New ESF President Quentin Wheeler answers your questions at noon Monday
Hi, readers,
Our live Q&A with ESF President Quentin Wheeler will begin at noon, but you can begin submitting questions now.
Monday February 24, 2014 11:54
Quentin Wheeler: 
Thanks for joining us. I am looking forward to your questions!
Monday February 24, 2014 11:57 Quentin Wheeler
[Comment From GuestGuest: ] 
What is ESF doing to keep students here after graduation? Arew there environmental job opportunities here?
Monday February 24, 2014 11:59 Guest
Quentin Wheeler: 
ESF is constantly adapting to respond to changes in needs in the workforce and emerging scientific and technical challenges. If you compare our departments and majors over the past decade you will many examples of this process of change.
Monday February 24, 2014 12:00 Quentin Wheeler
[Comment From GuestGuest: ]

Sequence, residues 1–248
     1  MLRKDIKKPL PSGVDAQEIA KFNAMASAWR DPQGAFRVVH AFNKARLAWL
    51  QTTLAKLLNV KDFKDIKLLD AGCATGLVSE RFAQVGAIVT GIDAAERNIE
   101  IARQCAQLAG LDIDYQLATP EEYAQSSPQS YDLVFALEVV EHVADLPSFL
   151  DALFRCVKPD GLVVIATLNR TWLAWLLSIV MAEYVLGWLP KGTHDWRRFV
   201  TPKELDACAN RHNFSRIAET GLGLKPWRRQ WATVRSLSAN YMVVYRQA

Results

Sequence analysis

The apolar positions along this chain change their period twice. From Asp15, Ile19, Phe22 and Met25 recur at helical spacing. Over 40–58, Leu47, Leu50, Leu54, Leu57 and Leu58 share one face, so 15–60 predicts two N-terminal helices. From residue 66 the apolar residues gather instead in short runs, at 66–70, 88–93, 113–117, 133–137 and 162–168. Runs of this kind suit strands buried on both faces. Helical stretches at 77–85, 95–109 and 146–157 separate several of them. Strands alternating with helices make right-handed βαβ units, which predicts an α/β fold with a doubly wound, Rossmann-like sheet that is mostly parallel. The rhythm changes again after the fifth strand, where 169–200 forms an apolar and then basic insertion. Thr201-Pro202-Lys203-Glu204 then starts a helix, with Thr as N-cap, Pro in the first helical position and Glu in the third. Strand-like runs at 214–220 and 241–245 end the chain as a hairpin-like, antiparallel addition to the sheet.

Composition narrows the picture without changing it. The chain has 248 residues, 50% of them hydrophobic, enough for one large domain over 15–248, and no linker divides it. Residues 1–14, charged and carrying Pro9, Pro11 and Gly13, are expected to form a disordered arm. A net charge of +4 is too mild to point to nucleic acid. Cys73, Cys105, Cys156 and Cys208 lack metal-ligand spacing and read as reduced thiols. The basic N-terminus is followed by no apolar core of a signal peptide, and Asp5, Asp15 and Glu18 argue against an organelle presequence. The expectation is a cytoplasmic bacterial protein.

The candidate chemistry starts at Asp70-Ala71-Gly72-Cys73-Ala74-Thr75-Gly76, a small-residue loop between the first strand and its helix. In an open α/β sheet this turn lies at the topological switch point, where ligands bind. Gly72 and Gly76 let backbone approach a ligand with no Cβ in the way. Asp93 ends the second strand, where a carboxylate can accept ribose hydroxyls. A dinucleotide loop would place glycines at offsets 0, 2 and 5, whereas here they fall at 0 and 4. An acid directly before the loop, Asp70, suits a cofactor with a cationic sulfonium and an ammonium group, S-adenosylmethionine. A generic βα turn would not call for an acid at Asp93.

Is ESF looking to add more students?
Monday February 24, 2014 12:01 Guest
Quentin Wheeler: 
Because environmental issues will dominate challenges in the 21st century, it will be an area of growth. ESF could benefit from growth in the sense of added diversity of topics, faculty, and students and we are exploring just how much and what kind of growth is desirable and possible.
Monday February 24, 2014 12:02 Quentin Wheeler
[Comment From GuestGuest: ] 
Are you looking at building partnerships with employer organizations?
Monday February 24, 2014 12:03 Guest
Quentin Wheeler: 
ESF, as part of SUNY, is increasing the opportunities for students to incorporate internships as part of their experience. We have a well establish history of maintaining close connections to employers in the region and state and responding to emerging employer needs. This is something we will continue to develop